The first branding was applied with branding irons. Brands were the identifying marks burned into livestock and slaves, to signify ownership. Your business brand means a lot more than that now.
What is a brand?
Your brand is everything.
Much more than just your logo, it is the sum of every experience a person has with your business. It’s what they see, hear and touch from the very first time they are aware you exist. Scott Goodson, from advertising agency Strawberry Frog, says “Brands are psychology and science brought together as a promise mark”.
Your brand is a promise of what’s to come.
Think McDonalds. What does their brand promise? When you take your kids to McDonalds, you’re not really buying a hamburger with fries. You’re buying predictability, reliability, ease of purchase, speed … and the playground.
What are the benefits of a strong brand?
To market effectively, we need to make a great first impression, and then reinforce that to create familiarity. Repetition is essential. Strong brand guidelines ensure consistent perception both online and offline.
People want to feel good when they buy, because buying is driven by emotion. Good branding establishes trust in product quality and the purchasing experience.
A strong brand makes building a predictable sales funnel much easier. Consistent presentation and messages through all the contacts a person has with your business make them more likely to buy. It breeds familiarity – people know exactly what to expect.
More word of mouth
People love to share the brands they love. Word of mouth recommendation is much more likely when you’re easy to remember, and easy to talk about.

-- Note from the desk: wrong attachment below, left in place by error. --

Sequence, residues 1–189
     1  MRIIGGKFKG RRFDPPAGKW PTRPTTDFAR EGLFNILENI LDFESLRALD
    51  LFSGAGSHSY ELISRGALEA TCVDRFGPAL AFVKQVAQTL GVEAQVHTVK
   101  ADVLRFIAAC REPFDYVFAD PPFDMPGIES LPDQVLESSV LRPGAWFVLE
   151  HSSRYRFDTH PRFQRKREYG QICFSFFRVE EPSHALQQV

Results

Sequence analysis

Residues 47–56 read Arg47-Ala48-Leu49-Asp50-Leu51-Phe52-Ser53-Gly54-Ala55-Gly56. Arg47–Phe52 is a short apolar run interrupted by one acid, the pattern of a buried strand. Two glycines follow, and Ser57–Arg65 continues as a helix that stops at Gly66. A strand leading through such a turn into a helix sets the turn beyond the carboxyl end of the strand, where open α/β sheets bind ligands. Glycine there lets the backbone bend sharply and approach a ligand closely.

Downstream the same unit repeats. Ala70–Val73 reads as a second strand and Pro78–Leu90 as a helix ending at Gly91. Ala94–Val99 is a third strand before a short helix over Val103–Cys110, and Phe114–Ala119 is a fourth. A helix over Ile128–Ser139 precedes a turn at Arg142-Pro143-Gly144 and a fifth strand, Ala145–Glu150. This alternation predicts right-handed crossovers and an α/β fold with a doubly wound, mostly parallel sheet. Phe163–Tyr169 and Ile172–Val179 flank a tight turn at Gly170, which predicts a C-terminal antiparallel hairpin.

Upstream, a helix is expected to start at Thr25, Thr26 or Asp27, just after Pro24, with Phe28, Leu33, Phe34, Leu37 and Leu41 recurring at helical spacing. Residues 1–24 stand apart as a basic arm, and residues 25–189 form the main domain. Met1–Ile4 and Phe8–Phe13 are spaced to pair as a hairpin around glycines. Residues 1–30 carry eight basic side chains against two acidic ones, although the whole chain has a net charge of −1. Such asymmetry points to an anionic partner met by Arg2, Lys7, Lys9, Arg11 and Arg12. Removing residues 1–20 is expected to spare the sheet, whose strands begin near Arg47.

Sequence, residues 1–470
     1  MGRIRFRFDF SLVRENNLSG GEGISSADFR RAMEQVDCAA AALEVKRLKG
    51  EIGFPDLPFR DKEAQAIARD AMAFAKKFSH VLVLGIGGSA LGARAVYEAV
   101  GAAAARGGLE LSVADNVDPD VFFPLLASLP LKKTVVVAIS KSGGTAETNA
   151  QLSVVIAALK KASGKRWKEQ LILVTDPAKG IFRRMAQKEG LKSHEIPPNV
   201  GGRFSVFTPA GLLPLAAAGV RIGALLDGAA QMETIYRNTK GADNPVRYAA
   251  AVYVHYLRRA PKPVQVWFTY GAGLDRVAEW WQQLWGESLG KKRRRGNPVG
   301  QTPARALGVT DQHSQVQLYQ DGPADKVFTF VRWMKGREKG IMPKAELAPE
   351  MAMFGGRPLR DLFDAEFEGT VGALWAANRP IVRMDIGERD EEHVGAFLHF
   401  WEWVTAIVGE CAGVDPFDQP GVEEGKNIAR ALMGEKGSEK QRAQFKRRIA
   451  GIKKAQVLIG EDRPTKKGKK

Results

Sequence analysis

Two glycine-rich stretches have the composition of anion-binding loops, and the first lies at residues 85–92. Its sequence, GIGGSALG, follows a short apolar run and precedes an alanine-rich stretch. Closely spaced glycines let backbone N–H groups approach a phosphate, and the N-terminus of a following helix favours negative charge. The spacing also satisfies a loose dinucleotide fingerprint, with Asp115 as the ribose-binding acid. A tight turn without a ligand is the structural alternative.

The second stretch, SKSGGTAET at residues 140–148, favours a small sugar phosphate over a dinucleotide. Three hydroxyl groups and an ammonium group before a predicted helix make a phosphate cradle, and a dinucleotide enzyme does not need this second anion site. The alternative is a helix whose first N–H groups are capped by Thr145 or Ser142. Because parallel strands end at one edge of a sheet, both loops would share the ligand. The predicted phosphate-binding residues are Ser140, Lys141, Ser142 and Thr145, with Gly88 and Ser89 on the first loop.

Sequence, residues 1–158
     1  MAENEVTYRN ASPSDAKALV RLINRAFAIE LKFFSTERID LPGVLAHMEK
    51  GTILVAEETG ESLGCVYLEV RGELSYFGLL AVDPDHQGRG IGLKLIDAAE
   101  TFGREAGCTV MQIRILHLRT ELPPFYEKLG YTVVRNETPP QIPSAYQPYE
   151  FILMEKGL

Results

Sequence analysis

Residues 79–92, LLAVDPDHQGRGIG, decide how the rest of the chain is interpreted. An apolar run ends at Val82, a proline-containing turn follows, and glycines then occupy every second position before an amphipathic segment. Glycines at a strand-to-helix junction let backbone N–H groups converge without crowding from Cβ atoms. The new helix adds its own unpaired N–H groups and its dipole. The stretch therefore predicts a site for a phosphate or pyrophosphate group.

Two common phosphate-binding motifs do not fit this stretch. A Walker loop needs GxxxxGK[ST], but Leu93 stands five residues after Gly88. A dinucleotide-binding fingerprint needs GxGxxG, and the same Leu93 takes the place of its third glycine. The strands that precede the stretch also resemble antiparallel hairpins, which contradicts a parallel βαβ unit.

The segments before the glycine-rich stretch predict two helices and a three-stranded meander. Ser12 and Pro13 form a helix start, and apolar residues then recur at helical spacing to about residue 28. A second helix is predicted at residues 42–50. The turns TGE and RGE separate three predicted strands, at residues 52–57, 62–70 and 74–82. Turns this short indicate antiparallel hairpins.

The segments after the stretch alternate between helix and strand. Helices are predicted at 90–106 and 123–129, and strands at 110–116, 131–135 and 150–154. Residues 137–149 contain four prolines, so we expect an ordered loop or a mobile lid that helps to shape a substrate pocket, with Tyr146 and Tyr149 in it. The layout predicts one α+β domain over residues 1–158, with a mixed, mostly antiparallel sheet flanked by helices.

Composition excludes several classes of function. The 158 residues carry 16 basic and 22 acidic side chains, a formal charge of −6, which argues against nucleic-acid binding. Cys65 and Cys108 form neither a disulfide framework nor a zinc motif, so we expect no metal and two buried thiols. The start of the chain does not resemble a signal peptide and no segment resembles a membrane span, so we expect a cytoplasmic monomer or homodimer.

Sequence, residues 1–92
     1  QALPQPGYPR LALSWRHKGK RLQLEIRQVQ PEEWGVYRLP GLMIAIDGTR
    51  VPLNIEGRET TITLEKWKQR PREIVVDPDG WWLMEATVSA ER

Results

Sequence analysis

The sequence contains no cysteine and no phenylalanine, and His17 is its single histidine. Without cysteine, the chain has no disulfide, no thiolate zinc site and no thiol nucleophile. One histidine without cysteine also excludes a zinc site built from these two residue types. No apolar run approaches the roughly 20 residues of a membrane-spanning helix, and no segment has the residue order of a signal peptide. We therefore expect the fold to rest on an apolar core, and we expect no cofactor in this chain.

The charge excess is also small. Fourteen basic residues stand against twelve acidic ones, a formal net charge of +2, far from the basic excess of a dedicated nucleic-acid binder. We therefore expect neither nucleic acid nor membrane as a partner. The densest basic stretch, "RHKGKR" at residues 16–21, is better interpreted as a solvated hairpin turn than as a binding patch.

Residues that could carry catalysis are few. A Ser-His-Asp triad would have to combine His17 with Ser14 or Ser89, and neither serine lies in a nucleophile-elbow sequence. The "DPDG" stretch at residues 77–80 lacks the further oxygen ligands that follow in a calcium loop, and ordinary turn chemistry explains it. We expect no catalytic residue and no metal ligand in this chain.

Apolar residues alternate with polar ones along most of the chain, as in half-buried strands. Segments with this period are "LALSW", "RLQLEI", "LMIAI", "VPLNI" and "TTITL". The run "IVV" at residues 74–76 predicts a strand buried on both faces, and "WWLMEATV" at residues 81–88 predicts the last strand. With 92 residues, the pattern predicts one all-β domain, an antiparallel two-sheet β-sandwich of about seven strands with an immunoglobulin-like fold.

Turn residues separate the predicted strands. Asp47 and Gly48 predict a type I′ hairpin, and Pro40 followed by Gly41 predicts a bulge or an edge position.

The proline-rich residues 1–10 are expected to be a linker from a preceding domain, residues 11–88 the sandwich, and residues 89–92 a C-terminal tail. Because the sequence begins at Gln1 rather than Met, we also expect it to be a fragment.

Direction and motivation for your team
A well developed brand means your team members know exactly how to talk and act, to make people want to come back for more.
Brands outlive products. A strong brand will grow with your business. Kraft didn’t pay Cadbury $19.5 billion for its recipes or factories. They bought the brand.
Tips for building a stronger brand
A strong brand doesn’t happen by accident. It requires planning and coordination. Getting guidance from a design professional is usually a very good investment.
The goal is to develop guidelines for the presentation and delivery of your product or service at every point in the buyer journey, from the first time they know about your brand to what happens after they buy.
Document what the buyer will see, hear and do across the following:
- Social media
- Business cards, brochures and other promotional material or forms
- Phone etiquette
- The way your team looks and what they say
- The appearance of your point of sale – if you have a bricks and mortar office, shop or clinic
Pay attention to all of these and your business will stand out from the competition, and cut through the avalanche of communication that’s out there.